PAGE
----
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Stella Garber
Stella Garber is Trello's Head of Marketing. Stella has led Marketing at Trello for the last seven years from early stage startup all the way through its acquisition by Atlassian in 2017 and beyond. Stella was an early champion of remote work, having led remote teams for the last decade plus.
Protocol | China

Livestreaming ecommerce next battleground for China’s nationalists

Vendors for Nike and even Chinese brands were harassed for not donating enough to Henan.

Nationalists were trolling in the comment sections of livestream sessions selling products by Li-Ning, Adidas and other brands.

Collage: Weibo, Bilibili

The No. 1 rule of sales: Don't praise your competitor's product. Rule No. 2: When you are put to a loyalty test by nationalist trolls, forget the first rule.

While China continues to respond to the catastrophic flooding that has killed 99 and displaced 1.4 million people in the central province of Henan, a large group of trolls was busy doing something else: harassing ordinary sportswear sellers on China's livestream ecommerce platforms. Why? Because they determined that the brands being sold had donated too little, or too late, to the people impacted by floods.

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Zeyi Yang
Zeyi Yang is a reporter with Protocol | China. Previously, he worked as a reporting fellow for the digital magazine Rest of World, covering the intersection of technology and culture in China and neighboring countries. He has also contributed to the South China Morning Post, Nikkei Asia, Columbia Journalism Review, among other publications. In his spare time, Zeyi co-founded a Mandarin podcast that tells LGBTQ stories in China. He has been playing Pokemon for 14 years and has a weird favorite pick.
Power

The video game industry is bracing for its Netflix and Spotify moment

Subscription gaming promises to upend gaming. The jury's out on whether that's a good thing.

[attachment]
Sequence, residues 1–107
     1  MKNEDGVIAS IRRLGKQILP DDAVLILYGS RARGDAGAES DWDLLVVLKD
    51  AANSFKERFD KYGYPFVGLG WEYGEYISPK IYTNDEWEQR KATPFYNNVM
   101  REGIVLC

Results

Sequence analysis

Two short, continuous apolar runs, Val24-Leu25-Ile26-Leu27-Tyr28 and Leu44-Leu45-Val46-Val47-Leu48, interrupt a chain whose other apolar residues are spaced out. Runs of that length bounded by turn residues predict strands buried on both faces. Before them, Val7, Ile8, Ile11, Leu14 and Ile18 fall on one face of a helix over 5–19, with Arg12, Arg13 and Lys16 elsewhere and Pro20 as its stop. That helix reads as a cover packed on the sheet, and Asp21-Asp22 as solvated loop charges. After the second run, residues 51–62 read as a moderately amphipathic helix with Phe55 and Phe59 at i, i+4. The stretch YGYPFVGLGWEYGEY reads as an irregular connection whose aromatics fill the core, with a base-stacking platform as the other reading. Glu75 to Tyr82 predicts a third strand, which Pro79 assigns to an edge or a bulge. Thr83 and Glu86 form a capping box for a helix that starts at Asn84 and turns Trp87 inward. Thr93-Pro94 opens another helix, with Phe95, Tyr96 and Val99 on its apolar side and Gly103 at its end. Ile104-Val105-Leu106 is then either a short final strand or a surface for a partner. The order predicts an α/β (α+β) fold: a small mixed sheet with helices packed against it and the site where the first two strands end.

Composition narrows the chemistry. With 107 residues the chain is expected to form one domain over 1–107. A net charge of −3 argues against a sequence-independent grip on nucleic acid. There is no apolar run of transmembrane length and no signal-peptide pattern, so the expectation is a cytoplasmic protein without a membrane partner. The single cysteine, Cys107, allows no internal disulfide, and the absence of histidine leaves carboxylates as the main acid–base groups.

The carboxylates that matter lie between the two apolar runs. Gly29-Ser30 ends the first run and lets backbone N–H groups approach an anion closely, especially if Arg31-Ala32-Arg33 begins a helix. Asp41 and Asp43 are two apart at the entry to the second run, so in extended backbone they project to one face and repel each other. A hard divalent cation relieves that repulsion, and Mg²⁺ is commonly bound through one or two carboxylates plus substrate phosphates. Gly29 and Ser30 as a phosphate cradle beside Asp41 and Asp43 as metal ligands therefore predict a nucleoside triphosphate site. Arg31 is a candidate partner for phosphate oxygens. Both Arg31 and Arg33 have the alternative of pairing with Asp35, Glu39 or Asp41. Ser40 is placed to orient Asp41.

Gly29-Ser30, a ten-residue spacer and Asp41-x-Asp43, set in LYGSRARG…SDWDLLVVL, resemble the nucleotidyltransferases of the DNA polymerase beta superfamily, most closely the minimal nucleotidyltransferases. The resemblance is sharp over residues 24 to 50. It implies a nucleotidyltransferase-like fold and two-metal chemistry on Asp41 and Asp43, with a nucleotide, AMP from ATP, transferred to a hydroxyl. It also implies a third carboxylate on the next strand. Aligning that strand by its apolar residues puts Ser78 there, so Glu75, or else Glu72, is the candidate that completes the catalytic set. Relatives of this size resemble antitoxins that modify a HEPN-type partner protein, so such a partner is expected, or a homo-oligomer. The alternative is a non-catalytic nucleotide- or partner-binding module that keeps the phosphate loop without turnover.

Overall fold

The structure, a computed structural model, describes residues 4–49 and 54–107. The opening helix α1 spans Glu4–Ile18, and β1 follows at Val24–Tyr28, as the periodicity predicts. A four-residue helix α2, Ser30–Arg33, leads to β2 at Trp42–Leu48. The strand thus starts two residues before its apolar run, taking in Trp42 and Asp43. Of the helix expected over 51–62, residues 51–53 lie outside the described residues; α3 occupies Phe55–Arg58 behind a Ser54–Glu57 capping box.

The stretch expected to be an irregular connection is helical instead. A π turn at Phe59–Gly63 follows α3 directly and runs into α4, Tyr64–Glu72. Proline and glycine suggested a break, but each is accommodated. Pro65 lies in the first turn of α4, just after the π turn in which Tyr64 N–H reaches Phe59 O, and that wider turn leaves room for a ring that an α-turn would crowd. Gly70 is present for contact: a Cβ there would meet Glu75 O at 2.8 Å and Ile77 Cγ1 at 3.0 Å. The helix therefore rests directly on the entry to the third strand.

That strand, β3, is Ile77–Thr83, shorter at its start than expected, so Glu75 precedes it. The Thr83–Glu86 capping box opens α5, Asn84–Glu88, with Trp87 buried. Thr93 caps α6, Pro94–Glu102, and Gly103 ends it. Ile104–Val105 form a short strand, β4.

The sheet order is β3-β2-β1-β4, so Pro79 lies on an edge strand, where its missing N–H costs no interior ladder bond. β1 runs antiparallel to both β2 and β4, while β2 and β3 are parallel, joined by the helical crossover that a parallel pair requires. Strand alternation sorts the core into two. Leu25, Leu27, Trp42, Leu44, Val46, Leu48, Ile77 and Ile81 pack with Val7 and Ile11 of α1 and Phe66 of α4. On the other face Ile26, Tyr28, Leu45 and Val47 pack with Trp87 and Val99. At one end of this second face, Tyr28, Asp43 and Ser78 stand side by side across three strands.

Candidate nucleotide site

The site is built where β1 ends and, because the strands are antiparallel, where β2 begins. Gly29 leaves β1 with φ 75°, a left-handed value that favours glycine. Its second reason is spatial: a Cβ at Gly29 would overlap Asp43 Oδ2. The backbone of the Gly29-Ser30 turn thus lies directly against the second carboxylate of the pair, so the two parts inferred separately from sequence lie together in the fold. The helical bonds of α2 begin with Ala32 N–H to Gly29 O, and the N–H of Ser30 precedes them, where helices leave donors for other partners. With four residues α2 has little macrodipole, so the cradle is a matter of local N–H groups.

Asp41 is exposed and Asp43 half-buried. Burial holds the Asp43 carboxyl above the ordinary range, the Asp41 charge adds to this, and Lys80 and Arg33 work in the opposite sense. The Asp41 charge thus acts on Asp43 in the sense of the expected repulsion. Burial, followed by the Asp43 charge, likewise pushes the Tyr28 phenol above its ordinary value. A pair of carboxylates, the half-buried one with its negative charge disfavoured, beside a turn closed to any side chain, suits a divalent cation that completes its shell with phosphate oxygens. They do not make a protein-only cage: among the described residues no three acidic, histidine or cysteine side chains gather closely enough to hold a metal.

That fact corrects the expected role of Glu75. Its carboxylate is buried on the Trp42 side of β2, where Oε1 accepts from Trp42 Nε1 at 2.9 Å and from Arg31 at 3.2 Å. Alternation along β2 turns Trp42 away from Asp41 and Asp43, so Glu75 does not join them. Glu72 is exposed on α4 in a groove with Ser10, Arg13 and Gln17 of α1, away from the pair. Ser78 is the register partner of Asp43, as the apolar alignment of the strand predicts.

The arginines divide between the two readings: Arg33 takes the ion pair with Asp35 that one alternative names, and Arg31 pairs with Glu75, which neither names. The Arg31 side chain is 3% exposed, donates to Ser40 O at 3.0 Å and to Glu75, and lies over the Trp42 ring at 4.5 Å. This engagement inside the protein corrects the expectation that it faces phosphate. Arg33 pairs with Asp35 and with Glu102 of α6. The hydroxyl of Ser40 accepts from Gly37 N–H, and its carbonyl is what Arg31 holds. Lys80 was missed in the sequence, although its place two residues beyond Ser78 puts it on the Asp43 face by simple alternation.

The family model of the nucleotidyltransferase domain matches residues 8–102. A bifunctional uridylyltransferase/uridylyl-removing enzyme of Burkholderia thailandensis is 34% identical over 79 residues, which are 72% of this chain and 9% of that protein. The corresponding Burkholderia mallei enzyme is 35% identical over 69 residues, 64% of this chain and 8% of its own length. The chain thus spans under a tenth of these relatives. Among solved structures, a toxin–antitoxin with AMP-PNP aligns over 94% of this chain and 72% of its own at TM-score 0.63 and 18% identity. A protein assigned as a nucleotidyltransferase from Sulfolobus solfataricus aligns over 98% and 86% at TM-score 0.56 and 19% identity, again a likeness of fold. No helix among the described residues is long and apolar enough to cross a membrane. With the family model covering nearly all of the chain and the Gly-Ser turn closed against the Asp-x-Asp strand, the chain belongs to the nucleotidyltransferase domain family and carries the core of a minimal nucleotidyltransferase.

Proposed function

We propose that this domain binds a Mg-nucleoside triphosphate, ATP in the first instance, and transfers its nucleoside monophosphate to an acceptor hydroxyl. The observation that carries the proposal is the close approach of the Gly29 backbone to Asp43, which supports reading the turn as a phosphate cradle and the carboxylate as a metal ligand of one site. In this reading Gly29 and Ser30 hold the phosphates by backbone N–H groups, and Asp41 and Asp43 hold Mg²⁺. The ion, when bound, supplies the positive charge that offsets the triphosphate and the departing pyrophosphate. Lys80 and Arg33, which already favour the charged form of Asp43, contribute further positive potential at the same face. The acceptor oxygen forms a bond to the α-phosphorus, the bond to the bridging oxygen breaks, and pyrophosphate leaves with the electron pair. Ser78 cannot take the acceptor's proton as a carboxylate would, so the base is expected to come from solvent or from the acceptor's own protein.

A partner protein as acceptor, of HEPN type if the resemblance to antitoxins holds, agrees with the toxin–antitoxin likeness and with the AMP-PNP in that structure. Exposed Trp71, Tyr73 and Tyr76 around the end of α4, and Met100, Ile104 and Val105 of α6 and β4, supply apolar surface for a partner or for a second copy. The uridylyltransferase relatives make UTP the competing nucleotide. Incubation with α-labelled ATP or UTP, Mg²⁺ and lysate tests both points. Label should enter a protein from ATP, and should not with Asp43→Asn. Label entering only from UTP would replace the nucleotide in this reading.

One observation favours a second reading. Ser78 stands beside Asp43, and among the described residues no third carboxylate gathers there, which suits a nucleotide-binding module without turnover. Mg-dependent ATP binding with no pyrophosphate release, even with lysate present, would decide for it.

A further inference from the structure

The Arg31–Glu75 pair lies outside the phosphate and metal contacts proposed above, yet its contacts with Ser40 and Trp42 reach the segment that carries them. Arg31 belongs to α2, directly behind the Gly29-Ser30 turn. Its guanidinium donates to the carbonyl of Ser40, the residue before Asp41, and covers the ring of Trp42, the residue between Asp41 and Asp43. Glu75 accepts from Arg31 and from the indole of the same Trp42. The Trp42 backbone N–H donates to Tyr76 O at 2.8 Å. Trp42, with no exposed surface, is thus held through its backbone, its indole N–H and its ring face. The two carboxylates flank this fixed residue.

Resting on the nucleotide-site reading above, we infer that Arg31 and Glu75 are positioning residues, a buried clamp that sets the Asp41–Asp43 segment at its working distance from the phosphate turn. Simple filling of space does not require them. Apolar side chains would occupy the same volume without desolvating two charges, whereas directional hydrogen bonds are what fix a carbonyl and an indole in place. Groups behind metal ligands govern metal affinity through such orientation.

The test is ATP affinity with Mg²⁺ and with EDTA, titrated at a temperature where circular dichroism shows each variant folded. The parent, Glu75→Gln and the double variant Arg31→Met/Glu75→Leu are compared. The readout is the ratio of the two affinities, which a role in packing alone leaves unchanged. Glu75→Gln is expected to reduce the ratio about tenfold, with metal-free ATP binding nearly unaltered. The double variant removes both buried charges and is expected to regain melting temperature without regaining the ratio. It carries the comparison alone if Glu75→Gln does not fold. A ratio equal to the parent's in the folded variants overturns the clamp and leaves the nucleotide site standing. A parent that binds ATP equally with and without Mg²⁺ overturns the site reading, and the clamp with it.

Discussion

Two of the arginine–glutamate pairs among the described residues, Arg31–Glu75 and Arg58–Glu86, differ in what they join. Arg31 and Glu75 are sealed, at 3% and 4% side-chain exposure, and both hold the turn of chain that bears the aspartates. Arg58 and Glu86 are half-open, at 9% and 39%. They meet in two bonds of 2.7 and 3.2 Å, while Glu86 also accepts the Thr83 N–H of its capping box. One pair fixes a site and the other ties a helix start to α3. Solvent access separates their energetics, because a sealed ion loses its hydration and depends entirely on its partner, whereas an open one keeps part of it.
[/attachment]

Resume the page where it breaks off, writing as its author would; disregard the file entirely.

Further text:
It's not clear what might fall through the cracks if most of the biggest game studios transition away from selling individual games and instead embrace a mix of free-to-play and subscription bundling.

Image: Christopher T. Fong/Protocol

Subscription services are coming for the game industry, and the shift could shake up the largest and most lucrative entertainment sector in the world. These services started as small, closed offerings typically available on only a handful of hardware platforms. Now, they're expanding to mobile phones and smart TVs, and promising to radically change the economics of how games are funded, developed and distributed.

Of the biggest companies in gaming today, Amazon, Apple, Electronic Arts, Google, Microsoft, Nintendo, Nvidia, Sony and Ubisoft all operate some form of game subscription. Far and away the most ambitious of them is Microsoft's Xbox Game Pass, featuring more than 100 games for $9.99 a month and including even brand-new titles the day they release. As of January, Game Pass had more than 18 million subscribers, and Microsoft's aggressive investment in a subscription future has become a catalyst for an industrywide reckoning on the likelihood and viability of such a model becoming standard.

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Nick Statt
Nick Statt is Protocol's video game reporter. Prior to joining Protocol, he was news editor at The Verge covering the gaming industry, mobile apps and antitrust out of San Francisco, in addition to managing coverage of Silicon Valley tech giants and startups. He now resides in Rochester, New York, home of the garbage plate and, completely coincidentally, the World Video Game Hall of Fame. He can be reached at nstatt@protocol.com.
Protocol | Policy

Lina Khan wants to hear from you

The new FTC chair is trying to get herself, and the sometimes timid tech-regulating agency she oversees, up to speed while she still can.

Lina Khan is trying to push the FTC to corral tech companies

Photo: Graeme Jennings/AFP via Getty Images

"When you're in D.C., it's very easy to lose connection with the very real issues that people are facing," said Lina Khan, the FTC's new chair.

Khan made her debut as chair before the press on Wednesday, showing up to a media event carrying an old maroon book from the agency's library and calling herself a "huge nerd" on FTC history. She launched into explaining how much she enjoys the open commission meetings she's pioneered since taking over in June. That's especially true of the marathon public comment sessions that have wrapped up each of the two meetings so far.

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Ben Brody

Ben Brody (@ BenBrodyDC) is a senior reporter at Protocol focusing on how Congress, courts and agencies affect the online world we live in. He formerly covered tech policy and lobbying (including antitrust, Section 230 and privacy) at Bloomberg News, where he previously reported on the influence industry, government ethics and the 2016 presidential election. Before that, Ben covered business news at CNNMoney and AdAge, and all manner of stories in and around New York. He still loves appearing on the New York news radio he grew up with.